Pasieka challenges our understanding of a trope that most people caught up in the debates over Jan Gross’s work took completely for granted: neighbors and neighborliness. She draws on critical literature far beyond Poland to show that the paradigm of neighborliness as harmonious ethnic coexistence hinges on an idealized multicultural past. Pasieka uses her own fieldwork conducted in Southern Poland to present the Polish-Lemko relationship as a foil to get us past the binarism of Polish-Jewish identity issues. In her close analysis of narratives of conflict such as the Jedwabne debates, she finds contradictory patterns of neighborliness that can accommodate both the embrace of the other as “family” and the preservation of intergroup boundaries between “us” and “them.” There is a danger in romanticizing the neighborhood as a unit of measure, Pasieka argues, and her article successfully compels us to think through these difficult issues on a different scale.
Robert Brier, “Adam Michnik’s Understanding of Totalitarianism and the West European Left: A Historical and Transnational Approach to Dissident Political Thought,” East European Politics and Societies 25 (2011): 197-218.
The Kulczycki Book Prize
From 2011-2017, the Polish Studies Association co-sponsored, along with the Association for Slavic, East European, and Eurasian Studies, the annual Jerzy and Aleksandra Kulczycki Book Prize. A book must have been an original work published outside Poland in English (i.e., not a translation), dealing with any aspect of Polish Studies. Comparative or transnational works were considered only if Poland was the primary site of study. Strong preference was be given to younger scholars.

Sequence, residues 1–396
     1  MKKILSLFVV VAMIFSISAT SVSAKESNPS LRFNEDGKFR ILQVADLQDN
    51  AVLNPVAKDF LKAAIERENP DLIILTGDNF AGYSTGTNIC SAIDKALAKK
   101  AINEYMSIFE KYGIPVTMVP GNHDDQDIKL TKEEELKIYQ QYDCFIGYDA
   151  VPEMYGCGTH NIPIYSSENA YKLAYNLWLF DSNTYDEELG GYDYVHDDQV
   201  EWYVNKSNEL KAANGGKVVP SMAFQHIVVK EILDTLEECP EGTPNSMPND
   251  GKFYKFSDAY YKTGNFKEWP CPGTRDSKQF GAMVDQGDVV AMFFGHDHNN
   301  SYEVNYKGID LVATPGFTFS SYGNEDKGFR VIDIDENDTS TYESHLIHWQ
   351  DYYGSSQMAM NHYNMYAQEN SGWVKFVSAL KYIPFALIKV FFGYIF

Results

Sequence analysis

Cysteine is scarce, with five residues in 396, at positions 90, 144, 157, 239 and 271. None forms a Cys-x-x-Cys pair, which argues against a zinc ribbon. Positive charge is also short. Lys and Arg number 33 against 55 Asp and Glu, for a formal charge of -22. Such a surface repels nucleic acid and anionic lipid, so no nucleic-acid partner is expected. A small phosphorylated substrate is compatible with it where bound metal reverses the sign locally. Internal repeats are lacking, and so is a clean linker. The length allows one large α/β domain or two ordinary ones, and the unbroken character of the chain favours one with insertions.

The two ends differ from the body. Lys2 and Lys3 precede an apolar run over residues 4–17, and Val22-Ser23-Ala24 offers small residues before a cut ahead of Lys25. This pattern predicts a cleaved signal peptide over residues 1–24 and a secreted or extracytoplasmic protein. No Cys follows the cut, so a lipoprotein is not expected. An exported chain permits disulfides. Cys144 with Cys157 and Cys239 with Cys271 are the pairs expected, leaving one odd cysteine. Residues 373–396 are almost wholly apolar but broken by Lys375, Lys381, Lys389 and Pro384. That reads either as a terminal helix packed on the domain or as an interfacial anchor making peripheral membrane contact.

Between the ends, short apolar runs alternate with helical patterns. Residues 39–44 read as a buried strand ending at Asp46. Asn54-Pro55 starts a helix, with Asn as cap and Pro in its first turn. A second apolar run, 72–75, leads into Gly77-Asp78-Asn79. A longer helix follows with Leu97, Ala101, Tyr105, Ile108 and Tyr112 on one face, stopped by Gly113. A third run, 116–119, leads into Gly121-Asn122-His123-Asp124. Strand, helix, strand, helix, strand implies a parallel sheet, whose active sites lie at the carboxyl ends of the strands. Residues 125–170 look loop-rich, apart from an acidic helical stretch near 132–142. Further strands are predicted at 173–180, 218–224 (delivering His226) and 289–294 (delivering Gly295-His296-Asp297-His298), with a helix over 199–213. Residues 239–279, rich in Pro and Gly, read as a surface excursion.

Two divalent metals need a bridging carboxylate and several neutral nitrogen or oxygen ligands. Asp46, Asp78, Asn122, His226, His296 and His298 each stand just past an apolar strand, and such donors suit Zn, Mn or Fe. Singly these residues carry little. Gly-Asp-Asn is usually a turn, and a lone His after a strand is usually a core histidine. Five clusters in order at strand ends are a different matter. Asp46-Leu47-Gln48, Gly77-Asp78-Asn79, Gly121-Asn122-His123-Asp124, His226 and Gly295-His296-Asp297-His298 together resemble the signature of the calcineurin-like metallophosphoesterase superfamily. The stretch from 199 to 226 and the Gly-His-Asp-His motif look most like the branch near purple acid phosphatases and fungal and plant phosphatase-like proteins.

- Paul Brykczynski, Primed for Violence: Murder, Antisemitism, and Democratic Politics in Interwar Poland (University of Wisconsin Press)
- Honorable Mention: John Kulczycki, Belonging to the Nation: Inclusion and Exclusion in the Polish-German Borderlands, 1939–1951 (Harvard University Press)
- Michael Fleming, Auschwitz, the Allies and Censorship of the Holocaust (Cambridge University Press, 2014)
- Per Anders Rudling, The Rise and Fall of Belarussian Nationalism 1906-1931 (University of Pittsburgh Press, 2014)
- 2014: David Frick, Kith, Kin, and Neighbors: Communities and Confessions in Seventeenth-Century Wilno (Cornell University Press, 2013).
- 2013: Beth Holmgren, Starring Madame Modjeska: On Tour in Poland and America(Indiana University Press, 2011).
- 2012: Brian Porter-Szűcs, Faith and Fatherland: Catholicism, Modernity, and Poland(New York: Oxford University Press, 2011).
- 2011: Antony Polonsky, The Jews in Poland-Lithuania and Russia 1350 to the present day (Oxford: Littman Library of Jewish Civilization, 2009-2012).
- 2010: James Bjork, Neither German nor Pole: Catholicism and National Indifference in a Central European Borderland.
- 2007-2008: Co-Winners:
- Natalia Nowakowska, Church, State and Dynasty in Renaissance Poland: The Career of Cardinal Frederyk Jagiellon.